The U.S. Environmental Protection Agency says TransCanada Corp. (TRP) should be required to buy renewable power to run pumps along the route of its proposed Keystone XL pipeline, a measure the company said is unworkable and unnecessary.
In a July 17 letter to the U.S. State Department, the Calgary-based company said the EPA suggested it buy renewable energy to run pumping stations from Alberta to Steele City, Nebraska. The EPA, in an April filing with the State Department, also said the U.S. should work with Canada to promote technology to capture and store underground the carbon-dioxide emissions generated in the production of Canadian oil.
The State Department is reviewing the $5.3 billion project because it crosses an international border. TransCanada first applied for a permit for the project in 2008.
“Keystone does not control the source of the power it purchases,” according to the letter, released yesterday by the company. “TransCanada has invested over $5 billion in emission-less energy sources including the largest wind farm in Maine and 13 hydro power stations in the U.S. Northeast.”
The EPA said the pipeline will increase global warming emissions because developing crude from western Canada’s oil sands produces more carbon dioxide than the typical oil used in the U.S. In addition to the impact on climate change, environmental groups oppose the project because of the potential for oil spills along its more than 875-mile (1,408-kilometer) route.
President Barack Obama in 2012 rejected the original route proposed by TransCanada after officials in Nebraska said it endangered a sensitive wetland. The company has since proposed a new pathway that extends further east in the state to avoid the area.
A draft environmental analysis prepared for the State Department said Keystone wouldn’t raise the risks of climate change because Alberta’s oil would probably be developed with or without the pipeline. If both Keystone and the other proposed pipelines from the oil sands aren’t built, the reduction in annual emissions would be at most 5.3 million metric tons a year of carbon dioxide, less than 0.1 percent of total U.S. emissions, the department’s analysis found.
In a speech in Washington last month on the risks of climate change,Obama said his administration would reject Keystone if it finds that the project would “significantly exacerbate the problem of carbon pollution.”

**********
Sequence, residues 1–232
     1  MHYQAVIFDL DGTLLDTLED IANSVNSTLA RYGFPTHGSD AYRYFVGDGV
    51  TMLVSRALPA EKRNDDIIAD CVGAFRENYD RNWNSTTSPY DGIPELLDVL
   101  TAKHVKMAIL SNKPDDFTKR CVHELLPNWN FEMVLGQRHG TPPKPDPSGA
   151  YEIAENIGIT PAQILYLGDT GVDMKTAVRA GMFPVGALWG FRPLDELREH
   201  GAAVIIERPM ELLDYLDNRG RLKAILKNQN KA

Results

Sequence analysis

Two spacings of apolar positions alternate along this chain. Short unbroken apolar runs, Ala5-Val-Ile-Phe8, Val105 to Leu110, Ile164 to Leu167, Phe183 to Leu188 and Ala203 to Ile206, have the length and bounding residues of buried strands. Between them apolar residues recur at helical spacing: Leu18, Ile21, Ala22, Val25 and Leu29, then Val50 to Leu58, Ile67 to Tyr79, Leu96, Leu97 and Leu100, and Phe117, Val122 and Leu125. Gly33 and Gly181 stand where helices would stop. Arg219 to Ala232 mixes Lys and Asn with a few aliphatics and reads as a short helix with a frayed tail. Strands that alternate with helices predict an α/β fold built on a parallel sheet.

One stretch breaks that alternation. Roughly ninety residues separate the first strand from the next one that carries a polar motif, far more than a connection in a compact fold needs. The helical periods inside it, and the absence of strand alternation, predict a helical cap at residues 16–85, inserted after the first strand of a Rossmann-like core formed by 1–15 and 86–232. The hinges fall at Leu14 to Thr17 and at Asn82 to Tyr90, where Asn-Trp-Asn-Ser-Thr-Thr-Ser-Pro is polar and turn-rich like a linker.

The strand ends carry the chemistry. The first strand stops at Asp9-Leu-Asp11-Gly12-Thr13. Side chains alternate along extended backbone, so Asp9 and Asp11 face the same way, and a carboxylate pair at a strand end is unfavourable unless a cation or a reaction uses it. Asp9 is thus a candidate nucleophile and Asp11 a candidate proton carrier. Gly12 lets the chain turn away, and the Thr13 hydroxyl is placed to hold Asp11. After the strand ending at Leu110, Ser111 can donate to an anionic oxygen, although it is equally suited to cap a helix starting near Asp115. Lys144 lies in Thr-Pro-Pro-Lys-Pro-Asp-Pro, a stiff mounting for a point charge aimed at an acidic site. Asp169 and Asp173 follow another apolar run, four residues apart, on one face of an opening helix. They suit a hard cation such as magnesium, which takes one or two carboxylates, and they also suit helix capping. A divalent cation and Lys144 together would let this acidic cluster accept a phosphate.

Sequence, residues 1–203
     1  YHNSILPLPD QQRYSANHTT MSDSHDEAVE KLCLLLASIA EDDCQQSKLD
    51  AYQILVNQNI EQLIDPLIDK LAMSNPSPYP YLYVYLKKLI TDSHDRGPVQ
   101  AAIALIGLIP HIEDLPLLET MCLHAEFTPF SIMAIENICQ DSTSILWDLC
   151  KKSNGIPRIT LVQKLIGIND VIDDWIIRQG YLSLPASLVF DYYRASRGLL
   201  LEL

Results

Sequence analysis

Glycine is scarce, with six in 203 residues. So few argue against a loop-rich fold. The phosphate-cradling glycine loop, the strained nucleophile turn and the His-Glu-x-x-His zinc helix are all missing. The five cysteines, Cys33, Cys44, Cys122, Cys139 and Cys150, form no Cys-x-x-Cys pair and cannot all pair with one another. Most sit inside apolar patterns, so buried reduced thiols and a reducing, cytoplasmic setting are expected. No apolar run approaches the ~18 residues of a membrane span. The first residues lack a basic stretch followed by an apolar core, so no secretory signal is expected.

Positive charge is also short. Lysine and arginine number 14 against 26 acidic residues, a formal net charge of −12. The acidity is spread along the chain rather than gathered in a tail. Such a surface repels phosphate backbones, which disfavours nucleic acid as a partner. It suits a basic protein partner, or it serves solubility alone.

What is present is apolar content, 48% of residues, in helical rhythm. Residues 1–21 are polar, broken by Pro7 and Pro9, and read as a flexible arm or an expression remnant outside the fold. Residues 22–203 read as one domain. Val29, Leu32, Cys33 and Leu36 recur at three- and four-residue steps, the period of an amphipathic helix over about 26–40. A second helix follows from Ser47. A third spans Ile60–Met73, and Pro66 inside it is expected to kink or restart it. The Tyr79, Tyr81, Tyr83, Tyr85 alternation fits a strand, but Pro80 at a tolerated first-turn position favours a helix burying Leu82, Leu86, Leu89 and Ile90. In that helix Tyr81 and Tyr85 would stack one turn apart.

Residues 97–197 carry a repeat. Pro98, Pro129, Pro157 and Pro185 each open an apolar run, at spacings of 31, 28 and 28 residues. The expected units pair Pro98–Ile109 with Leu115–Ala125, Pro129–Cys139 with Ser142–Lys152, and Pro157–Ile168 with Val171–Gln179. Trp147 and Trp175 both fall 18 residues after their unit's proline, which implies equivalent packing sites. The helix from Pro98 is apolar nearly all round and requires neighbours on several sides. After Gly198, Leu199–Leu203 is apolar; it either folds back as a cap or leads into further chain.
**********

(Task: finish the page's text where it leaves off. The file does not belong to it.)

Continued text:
TransCanada Chief Executive Officer Russ Girling said the project would not increase greenhouse gas emissions.
“I think it’s clear that the Keystone pipeline has no impact on GHG emissions,” Girling said yesterday in an interview at the New York headquarters of Bloomberg News. “What we’re really talking about is Canadian oil versus Venezuelan oil and what is the net difference between the two, and it’s zero.”
The carbon-dioxide emissions tied to the pipeline would have “an unmeasurable impact on climate,” according to TransCanada’s letter.
The EPA is one of eight government agencies reviewing the project under the direction of the State Department. Girling said he hopes for a final decision later this year. The EPA asked the State Department to conduct a fuller market analysis in its final report, which may be released as early as September.
Nayyera Haq, a State Department spokesman, didn’t respond to a request for comment.
Once the environmental assessment is completed, the department will have 90 days to review whether Keystone is in the U.S. national interest.
Environmental groups like 350.org and the Sierra Club welcomed Obama’s speech as a sign that the administration would reject the project. They contend by encouraging development of the oil sands, which release more greenhouse gases than the drilling and processing of more conventional crude, Keystone does pose an extra risk to climate.
Heather Zichal, a White House energy and climate-change adviser, said Obama “raised the bar” concerning the importance of carbon-dioxide emissions in the Keystone decision with his speech, which also laid out actions the administration would take to lower greenhouse gases.
Ultimately, the State Department will decide whether the project is in the national interest, Zichal said yesterday at a conference sponsored by Politico, a Washington-based publication.
“The decision on one pipeline will not impact the oil sands achieving its ultimate potential as a global supplier,” said Kristine Delkus, senior vice president for pipelines law and regulatory affairs at TransCanada, in the letter to the State Department.